I have a web application, hosted on a cloud, which communicates with embedded hardware over the internet. Its data persistence is handled via a SQLITE3 database in the cloud. I need to add some logic which will be timer-based, and it doesn't rationalize well with a webapp architecture...so I presume that I will write a daemon that will always be out there, sleeping until the next event, or polling for asynchronous conditions.
However, I am undecided as to the architecture for sharing DB access. Either the webapp and the daemon both need DB write access, which I fear will be overly complicated for my simple application, or I must offload all DB writing to the daemon and establish some type of a work queue from the webapp to the daemon.
It seems like this ought to be a fairly common need, and I don't want to reinvent the wheel. Any thoughts on what code/gems/etc I could use to get started?
Have you considered writing a rake task for the timer-based process and then calling this rake task from a cron job?
Check out the whenever gem for writing cron jobs in Ruby.
Hope that helps?
I like the notion of a cron-based wakeup for a rake task... however it is the Database sharing that has me confused. Since I need to have write access from both the webapp and the daemon task, how can that be managed? I think that only one is allowed write access.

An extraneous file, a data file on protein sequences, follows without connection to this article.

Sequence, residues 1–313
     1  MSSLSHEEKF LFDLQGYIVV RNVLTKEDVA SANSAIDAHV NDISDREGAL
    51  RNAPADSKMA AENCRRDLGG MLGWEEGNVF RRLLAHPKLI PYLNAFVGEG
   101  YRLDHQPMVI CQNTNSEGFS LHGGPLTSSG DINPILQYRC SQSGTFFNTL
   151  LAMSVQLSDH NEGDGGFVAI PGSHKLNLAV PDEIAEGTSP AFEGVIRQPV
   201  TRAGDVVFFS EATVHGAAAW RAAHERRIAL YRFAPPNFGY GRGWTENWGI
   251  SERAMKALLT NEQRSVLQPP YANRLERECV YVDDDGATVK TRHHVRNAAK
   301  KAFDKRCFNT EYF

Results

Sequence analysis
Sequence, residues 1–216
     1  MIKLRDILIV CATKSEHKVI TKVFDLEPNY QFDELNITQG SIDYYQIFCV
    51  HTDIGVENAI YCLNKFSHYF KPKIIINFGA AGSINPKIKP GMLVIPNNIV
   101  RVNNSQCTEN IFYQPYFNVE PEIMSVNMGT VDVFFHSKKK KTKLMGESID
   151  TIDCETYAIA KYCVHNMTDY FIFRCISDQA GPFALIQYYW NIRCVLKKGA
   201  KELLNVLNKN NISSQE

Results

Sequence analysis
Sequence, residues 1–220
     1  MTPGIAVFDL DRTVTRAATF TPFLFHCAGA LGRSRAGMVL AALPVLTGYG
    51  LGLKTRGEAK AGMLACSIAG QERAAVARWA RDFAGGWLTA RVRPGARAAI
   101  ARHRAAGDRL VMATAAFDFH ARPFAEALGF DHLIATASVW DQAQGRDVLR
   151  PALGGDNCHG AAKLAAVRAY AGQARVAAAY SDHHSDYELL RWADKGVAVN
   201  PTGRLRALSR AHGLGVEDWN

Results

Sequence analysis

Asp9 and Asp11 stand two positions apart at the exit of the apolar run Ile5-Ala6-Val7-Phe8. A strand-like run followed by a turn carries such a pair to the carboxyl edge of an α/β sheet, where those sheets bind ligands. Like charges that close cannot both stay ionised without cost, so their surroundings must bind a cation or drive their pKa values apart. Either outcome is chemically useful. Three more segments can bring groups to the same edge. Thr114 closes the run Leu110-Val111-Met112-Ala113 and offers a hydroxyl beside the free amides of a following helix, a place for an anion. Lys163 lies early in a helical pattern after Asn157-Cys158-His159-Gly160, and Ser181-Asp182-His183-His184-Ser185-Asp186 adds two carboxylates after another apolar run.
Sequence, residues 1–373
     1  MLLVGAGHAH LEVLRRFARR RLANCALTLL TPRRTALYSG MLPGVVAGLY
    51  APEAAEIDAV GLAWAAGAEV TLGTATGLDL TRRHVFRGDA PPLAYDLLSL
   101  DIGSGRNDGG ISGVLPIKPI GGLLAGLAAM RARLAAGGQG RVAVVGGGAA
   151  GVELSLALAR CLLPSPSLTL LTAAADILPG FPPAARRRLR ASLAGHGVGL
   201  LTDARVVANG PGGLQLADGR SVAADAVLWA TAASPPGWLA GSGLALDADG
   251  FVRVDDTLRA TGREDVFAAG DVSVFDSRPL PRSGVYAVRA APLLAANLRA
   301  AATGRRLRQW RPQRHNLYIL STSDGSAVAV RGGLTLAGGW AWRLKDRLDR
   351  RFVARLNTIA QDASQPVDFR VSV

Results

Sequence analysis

From the info you've given me I'd approach this as follows:
Create a module that handles the task you're running.
def method_to_run_code # ... end module_function :method_to_run_code
and then a rake task:
desc "This task will have access to all of your models etc in the correct environment" task :my_task => :environment do
Then a cron that runs
rake my_task RAILS_ENV=production
Hopefully that makes sense and will work for you - if not, I should be around on Skype: gavin-morrice
Gavin is correct in this. Creating the module inside of your webapp will give it full access to your environment (and database) by using the credentials offered up in your database.yml for the production environment. Croning the rake task will allow that functionality to be called within the RAILS_ENV=production environment which gives it access to everything that the application running in production mode will, such as the production database user.
Nice answer Gavin!